The performance of a heuristic for the matching traveling salesman problem is defined as the worst-case length of the matching resp. Issue Date:.

The main results of Chapter 3 are: 1 the RNG of n points in the plane can be found in O n log n time, which is optimal to within a multiplicative constant. For the final topic, we consider the descriptive complexity of weighted Voronoi diagrams. Under this assumption, the expected complexity is shown to be near linear.

Among the results of Chapter 2 is the rather surprising fact that for each of these two problems, there exists an O n log n time heuristic whose performance is, neglecting lower order terms, as low as possible. The running time of our algorithms for the aforementioned problems has only polynomial dependence on the dimension, and sublinear for the nearest neighbor problem or subquadratic for the closest pair, minimum spanning tree, clustering etc.

In Chapter 2, we consider the problems of finding a minimum weighted matching and a minimum traveling salesman tour of n points in a unit square in the plane. In general, if the original polygon algorithm has time complexity O f nthe comparable splinegon algorithm has time complexity at worst O Kf n where K represents a constant number of calls to a series of primitive procedures on individual curved edges.

In the latter case the goal is to find a partition of points into k clusters, in order to minimize a certain function.

We identify three distinct techniques for extending polygon algorithms to splinegons: the carrier polygon approach, the bounding polygon approach, and the direct approach.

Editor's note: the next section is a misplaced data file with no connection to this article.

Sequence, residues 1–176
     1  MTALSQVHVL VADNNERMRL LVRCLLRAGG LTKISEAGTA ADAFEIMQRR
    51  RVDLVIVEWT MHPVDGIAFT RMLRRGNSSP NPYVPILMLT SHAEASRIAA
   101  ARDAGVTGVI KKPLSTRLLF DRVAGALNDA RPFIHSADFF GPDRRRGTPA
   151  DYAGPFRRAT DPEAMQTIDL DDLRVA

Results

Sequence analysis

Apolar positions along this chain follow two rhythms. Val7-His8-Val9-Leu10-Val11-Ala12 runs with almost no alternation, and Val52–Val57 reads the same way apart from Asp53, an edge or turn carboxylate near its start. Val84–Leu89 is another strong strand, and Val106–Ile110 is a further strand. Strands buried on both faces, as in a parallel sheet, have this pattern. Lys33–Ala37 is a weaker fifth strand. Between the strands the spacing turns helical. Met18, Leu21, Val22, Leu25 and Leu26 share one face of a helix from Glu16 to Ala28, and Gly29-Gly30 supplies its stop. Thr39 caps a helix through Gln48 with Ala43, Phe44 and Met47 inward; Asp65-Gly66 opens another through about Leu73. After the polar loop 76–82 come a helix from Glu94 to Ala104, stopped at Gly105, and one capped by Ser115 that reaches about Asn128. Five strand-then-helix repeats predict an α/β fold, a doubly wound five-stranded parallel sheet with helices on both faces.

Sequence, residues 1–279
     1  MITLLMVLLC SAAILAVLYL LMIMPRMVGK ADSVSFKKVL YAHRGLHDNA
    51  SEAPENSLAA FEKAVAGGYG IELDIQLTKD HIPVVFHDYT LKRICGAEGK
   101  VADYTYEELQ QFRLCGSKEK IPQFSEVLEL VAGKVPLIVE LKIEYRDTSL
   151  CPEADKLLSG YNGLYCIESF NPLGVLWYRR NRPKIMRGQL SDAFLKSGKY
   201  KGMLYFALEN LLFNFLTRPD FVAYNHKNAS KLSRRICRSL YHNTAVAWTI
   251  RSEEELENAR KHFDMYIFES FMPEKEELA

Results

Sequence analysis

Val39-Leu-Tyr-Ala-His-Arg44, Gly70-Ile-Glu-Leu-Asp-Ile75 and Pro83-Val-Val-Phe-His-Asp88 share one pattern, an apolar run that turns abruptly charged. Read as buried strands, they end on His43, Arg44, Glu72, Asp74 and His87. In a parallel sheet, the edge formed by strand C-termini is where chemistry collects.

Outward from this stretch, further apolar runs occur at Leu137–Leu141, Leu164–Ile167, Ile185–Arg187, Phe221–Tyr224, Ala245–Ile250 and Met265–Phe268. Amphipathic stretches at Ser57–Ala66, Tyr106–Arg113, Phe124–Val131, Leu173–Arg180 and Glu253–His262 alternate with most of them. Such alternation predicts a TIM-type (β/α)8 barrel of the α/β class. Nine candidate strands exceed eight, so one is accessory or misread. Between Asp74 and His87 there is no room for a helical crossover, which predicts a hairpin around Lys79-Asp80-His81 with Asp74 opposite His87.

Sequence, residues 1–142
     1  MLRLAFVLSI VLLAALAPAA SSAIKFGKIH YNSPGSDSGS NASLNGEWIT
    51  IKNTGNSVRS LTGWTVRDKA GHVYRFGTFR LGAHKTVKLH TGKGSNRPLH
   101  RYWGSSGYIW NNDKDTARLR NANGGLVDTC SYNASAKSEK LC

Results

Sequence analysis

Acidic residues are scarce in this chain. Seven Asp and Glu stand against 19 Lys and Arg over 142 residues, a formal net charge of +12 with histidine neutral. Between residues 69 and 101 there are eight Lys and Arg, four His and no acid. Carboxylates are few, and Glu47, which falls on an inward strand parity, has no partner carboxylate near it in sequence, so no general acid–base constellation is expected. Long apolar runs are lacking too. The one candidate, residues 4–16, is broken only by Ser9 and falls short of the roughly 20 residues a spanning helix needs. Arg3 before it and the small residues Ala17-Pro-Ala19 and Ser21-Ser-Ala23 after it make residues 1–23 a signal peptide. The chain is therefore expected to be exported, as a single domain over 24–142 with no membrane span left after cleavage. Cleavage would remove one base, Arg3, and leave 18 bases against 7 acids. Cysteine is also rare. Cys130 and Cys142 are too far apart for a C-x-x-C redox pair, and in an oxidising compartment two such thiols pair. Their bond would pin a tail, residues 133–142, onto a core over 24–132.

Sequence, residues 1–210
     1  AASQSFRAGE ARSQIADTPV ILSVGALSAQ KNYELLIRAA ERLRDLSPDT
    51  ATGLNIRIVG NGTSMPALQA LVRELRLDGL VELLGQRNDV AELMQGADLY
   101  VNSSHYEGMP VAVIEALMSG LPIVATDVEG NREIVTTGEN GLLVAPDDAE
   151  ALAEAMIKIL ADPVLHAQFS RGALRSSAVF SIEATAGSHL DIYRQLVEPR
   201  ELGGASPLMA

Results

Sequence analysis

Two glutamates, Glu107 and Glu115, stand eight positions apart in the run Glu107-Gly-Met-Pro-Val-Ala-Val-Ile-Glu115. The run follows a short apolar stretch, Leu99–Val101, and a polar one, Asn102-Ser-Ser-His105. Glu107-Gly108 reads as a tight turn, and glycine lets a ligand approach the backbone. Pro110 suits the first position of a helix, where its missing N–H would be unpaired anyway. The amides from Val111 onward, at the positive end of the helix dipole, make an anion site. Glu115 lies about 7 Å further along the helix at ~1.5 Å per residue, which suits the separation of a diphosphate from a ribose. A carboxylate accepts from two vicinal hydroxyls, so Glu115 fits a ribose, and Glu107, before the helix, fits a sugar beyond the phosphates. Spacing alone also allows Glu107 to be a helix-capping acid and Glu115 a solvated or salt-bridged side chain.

The main results of Chapter 3 are: 1 the RNG of n points in the plane can be found in O n log n time, which is optimal to within a multiplicative constant. Among the results of Chapter 2 is the rather surprising fact that for each of these two problems, there exists an O n log n time heuristic whose performance is, neglecting lower order terms, as low as possible. In Section 4. Decomposition problems are of major importance in computational geometry, as they allow us to express complicated objects in terms of simpler ones, which are in general easier to process, and often lead to more efficient algorithms. Such diagrams have quadratic or higher worst-case complexity, however, as was the case for contour trees, here we push beyond worst-case analysis. The nearest neighbor problem is an example of a large class of proximity problems. In addition to presenting the general methods, we state and prove a series of specific theorems.A new diagram, called the candidate diagram, is introduced, which allows us to bound the complexity of weighted Voronoi diagrams arising from a particular probabilistic input model.

Therefore, it is crucial to design algorithms which scale well with the database size as well as with the dimension. Such diagrams have quadratic or higher worst-case complexity, however, as was the case for contour trees, here we push beyond worst-case analysis.

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